There's a hidden danger in San Francisco bay: mercury. A potent neurotoxin that can cause serious illness, mercury has been flowing into the bay since the mining days of the Gold Rush Era. It has settled in the bay's mud and made its way up the food chain, endangering wildlife and making many fish unsafe to eat. Now a multi-billion-dollar plan aims to clean it up. But will it work?
Because there wasn't time in the QUEST TV segment on mercury in the bay to include information on safe fish eating practices, below are the guidelines, along with web links, to help you get plenty of Omega 3s and still keep your mercury levels low.
Nearly 15 million Americans suffer from depression. Learn why depression is more than just "feeling blue," the difficulties of treating it with traditional medications and how new tools
and research are shedding light on brain structures that may play an integral role in treating it.
What is the link between anxiety and depression, and can a form of talk therapy help treat both conditions? Learn more in an extended interview with Philippe Goldin, Clinical Research Scientist for the Clinically Applied Affective Neuroscience Group at Stanford University.
Imagine a medical disease that afflicts eighteen million people in the U.S., for which more than 160 million prescriptions were filled in 2008, that is one of the leading causes of disability in the U.S., but a disease for which no definitive medical model of pathology exists.
Why do some people get severely sick from swine flu and others barely feel it? As flu season ramps up, scientists at UCSF's Viral Discovery Center are racing to learn more about the 2009 H1N1 virus, including how it's evolving, and whether our current treatments will remain effective.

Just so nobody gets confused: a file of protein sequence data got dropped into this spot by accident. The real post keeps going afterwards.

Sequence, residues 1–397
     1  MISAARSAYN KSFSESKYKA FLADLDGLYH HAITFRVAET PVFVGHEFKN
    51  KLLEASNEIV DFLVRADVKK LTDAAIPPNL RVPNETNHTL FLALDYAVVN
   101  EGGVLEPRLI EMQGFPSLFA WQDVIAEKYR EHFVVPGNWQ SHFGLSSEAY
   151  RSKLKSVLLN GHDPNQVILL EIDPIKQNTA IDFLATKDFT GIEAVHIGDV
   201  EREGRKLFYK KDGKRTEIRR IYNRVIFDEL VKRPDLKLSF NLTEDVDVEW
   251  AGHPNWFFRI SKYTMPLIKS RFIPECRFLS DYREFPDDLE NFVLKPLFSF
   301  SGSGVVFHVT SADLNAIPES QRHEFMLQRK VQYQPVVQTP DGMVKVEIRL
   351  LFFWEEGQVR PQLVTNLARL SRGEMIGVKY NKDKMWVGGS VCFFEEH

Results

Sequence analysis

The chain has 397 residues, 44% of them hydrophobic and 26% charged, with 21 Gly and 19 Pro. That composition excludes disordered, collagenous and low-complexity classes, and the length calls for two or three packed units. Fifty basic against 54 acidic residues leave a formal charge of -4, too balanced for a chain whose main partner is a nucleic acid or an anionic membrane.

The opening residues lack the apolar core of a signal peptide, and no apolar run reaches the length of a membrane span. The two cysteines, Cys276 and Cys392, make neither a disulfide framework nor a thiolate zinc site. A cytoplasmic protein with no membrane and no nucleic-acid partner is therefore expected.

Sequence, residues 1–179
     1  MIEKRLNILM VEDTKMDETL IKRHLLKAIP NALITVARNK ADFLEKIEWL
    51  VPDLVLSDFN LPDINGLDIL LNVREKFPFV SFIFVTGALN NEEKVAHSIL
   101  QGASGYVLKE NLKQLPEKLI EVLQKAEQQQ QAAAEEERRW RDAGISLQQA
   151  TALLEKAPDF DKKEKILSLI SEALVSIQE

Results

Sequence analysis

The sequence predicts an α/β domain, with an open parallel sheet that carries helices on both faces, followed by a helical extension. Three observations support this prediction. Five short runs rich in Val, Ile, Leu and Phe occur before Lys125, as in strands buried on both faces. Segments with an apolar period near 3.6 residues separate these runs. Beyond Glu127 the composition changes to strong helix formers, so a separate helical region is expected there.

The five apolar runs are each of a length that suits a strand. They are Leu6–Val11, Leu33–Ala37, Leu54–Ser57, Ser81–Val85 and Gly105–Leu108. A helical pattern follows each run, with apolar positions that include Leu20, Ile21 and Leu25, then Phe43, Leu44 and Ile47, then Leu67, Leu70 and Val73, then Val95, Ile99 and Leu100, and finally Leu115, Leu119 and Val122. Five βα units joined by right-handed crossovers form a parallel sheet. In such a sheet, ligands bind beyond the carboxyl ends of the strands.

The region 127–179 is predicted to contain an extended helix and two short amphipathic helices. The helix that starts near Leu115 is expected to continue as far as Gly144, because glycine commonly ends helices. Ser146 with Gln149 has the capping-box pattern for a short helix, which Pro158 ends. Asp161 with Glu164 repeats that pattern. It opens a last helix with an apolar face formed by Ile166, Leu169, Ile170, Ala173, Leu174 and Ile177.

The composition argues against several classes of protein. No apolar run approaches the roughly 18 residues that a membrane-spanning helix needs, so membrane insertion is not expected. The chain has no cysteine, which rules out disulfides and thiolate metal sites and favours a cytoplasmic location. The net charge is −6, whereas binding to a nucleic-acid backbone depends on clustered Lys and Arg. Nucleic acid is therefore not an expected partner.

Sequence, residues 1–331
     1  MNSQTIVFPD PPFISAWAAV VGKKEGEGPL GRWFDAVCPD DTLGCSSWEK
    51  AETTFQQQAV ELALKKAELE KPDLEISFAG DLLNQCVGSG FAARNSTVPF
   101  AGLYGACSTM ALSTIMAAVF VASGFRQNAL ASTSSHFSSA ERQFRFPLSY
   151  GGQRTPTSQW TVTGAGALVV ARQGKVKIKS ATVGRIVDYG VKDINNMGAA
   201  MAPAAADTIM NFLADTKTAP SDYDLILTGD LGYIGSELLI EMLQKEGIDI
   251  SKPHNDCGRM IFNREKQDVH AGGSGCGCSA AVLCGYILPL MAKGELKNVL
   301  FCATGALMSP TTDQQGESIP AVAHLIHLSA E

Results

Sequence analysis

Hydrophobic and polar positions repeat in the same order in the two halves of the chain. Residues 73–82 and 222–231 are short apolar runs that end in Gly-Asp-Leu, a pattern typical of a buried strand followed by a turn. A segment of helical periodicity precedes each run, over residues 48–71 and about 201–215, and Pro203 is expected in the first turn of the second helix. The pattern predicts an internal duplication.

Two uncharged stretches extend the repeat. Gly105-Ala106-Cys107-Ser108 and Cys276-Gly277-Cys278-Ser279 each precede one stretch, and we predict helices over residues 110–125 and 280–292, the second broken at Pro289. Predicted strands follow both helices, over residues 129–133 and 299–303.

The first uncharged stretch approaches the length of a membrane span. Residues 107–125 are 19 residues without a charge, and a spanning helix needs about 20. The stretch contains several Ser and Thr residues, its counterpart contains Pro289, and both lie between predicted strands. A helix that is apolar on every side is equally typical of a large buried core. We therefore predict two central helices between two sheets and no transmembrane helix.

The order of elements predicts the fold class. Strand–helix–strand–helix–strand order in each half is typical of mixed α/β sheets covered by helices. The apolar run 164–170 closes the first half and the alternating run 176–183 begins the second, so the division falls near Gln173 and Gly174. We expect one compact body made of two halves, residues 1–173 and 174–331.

We all know that, thanks to our DNA, each of us is a little bit different. Some of those differences are obvious, like eye and hair color, but others are not so obvious, like how our bodies react to medication. Researchers are beginning to look at how to tailor medical treatments to our genetic profiles. Some of the biggest breakthroughs have been in cancer treatment.
You've probably heard about some of the breakthroughs in personal genome sequencing, where companies take a look at your DNA and send back your risk profile. But there's a flip side to all this genetic research that doesn't have to do with risk: personalized medicine.
Even if you are not handling reptiles daily like we are, you can take action to reduce exposure to toxic anti-microbials.
There are health systems around the country that actually have costs that are as much as 20 percent or 30 percent lower than the national average and have higher quality. What is it that they are doing differently from other systems?
Months after the federal government enacted stricter standards intended to keep lead out of children's toys, a KQED investigation found merchandise that violates the law still sitting on many Bay Area store shelves. In part two of the series, QUEST looks at the challenges of keeping leaded toys out of stores.
Most Americans have room to cut their carbon *food*print by 25%. Not easily done, but luckily we have help in the Bay Area. Check out these 2 upcoming events.